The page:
House Speaker John Boehner (R-OH) briefs reporters on the Republican leadership's luncheon meeting with U.S. President Barack Obama at the White House, January 7, 2011, in Washington. The GOP leadership said their talks centered on the economy and the sluggish unemployment rate, as the nation attempts to come out of the recent recession. UPI Photo/Mike Theiler | License Photo
WASHINGTON, Feb. 19 (UPI) -- House Republicans passed a stopgap funding bill Saturday that would avert a government shut down and derail many of President Barack Obama's initiatives.
The government would shut down March 4 without the funding bill, called a continuing resolution, which passed 235-189 after a marathon legislative session that ended in the early hours Saturday.
The bill cuts $61 billion in spending from the current budget.
The bill carves a conservative take on government priorities, slashing $2.7 billion from the Environmental Protection Agency, cutting support for ethanol production and derailing funding for Obama's healthcare overhaul, Politico reported.
The bill also sets up a game of chicken between House Speaker John Boehner, R-Ohio, and the Democratic-led Senate. Before the bill passed, Boehner said, "The only people in this town rooting for a government shutdown are (Rep.) Nancy Pelosi and (Sen.) Harry Reid. There's not one Republican talking about government shutdown. Our goal is to cut spending because it will lead to a better environment for job creation in America," The Hill reported.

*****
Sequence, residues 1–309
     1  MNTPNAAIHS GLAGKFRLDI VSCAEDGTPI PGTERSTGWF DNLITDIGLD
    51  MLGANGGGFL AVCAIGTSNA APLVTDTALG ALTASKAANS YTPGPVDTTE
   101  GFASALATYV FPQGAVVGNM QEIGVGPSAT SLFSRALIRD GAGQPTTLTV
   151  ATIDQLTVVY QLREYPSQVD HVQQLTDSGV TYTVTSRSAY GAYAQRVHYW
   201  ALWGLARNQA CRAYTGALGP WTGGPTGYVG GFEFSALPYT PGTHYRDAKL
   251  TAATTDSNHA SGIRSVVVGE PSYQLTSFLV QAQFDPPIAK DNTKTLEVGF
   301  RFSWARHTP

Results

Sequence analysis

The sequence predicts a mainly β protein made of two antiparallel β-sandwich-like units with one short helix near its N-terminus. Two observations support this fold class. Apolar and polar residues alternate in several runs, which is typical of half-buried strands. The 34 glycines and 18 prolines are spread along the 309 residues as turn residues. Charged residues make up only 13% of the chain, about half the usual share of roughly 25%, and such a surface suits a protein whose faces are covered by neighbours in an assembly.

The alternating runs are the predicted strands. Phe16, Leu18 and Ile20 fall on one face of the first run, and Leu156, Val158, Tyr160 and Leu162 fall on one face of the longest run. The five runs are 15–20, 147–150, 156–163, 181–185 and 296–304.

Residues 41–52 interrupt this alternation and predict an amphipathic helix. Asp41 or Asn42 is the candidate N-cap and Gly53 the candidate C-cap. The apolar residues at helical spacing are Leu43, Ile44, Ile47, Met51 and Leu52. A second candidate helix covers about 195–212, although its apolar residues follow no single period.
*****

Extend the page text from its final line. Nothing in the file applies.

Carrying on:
In a statement, Services Employees International Union President Mary Kay Henry disagreed, saying the spending cuts will "thrown nearly another million people out of work."
"SEIU agrees that we must cut wasteful and unnecessary spending," she said, "but we should first lose tax loopholes and end other tax breaks for the wealthy."
In an unusual move for a continuing resolution, Boehner allowed lawmakers to attach amendments to the bill. More than 500 were submitted, but aides pared that down to closer to 100 before the bill passed.
No Democrats voted for the bill and three Republicans voted no. But Rep. Joe Walsh, R-Ill., claimed victory.
"The American people are ahead of us. They are asking us to go one step forward … to be bold," he said.